Debra Pearlman’s work emerges from her unique candid photographs of children, usually in fleeting and spontaneous moments. These images become the source material and building blocks for her predominantly abstract compositions. Mysterious and often ambiguous, Pearlman fragments her imagery, altering scale and color to recontextualize human gesture and glance. Her imagery coalesces with textured geometric shapes and shifting colors resulting in the poetic monoprints in this exhibition. Pearlman received her MFA from the School of the Art Institute of Chicago, and has had solo exhibitions and group exhibitions in the United States and internationally. She has received support from The Meredith S. Moody Residency at Yaddo, The Peter S. Reed Foundation, Dieu Donne Residency, the Lower East Side Print Shop, Artist’s Space, and Blue Mountain Center. Reviews have appeared in The New York Times, Art in America, Time Out New York, The New England Art Journal, the Chicago Sun-Times and other publications. Her work is in the permanent collections of The Museum of Modern Art, The Brooklyn Museum, The New York Public Library, Walker Art Center, Museum of Contemporary Art, Chicago, and the Museum Stzuki in Lodz, Poland to name a few.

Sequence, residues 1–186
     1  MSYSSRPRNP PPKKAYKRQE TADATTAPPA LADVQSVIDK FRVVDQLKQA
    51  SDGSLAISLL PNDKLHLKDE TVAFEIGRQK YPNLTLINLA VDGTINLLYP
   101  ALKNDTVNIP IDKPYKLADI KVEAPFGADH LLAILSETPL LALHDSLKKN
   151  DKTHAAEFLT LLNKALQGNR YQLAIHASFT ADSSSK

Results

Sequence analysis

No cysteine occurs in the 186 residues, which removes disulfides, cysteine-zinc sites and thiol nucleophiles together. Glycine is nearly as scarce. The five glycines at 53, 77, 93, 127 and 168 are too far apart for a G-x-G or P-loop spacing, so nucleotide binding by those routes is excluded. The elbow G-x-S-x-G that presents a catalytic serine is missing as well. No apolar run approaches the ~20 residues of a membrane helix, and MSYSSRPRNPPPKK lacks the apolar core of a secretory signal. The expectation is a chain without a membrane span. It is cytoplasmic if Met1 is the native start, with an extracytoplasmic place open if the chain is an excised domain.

Photography always has occupied a central place in my work, as direct street photography and as source material for paintings and photo-based objects. As color photographs, they may be presented in intimately scaled versions or larger (ones, (up to 27 x 30 inches. )The subjects are typically children caught unawares in action, revealing an array of ambiguous emotions. The photographs record moments of unaffected physical language.
Using certain images repeatedly, I distill them over time by altering materials, scale, and orientation. When incorporated into larger works on canvas, the images sometimes are cropped to create nearly abstract fragments. These may be overlaid with geometric elements that echo movement within an image, allowing parts of a photo to take on new meanings. I employ surface textures that refract and reflect light, reorient the images, and highlight moments to change context and focus. Information is layered, obscured, and revealed, offering new viewpoints.
Photographic etchings add a dimension to the core of my work. Fragments from my photographs provide textured grounds that are incorporated into etching plates. Image and texture, variation and repetition, revealing and concealing, add additional layers and processes to my ongoing body of work.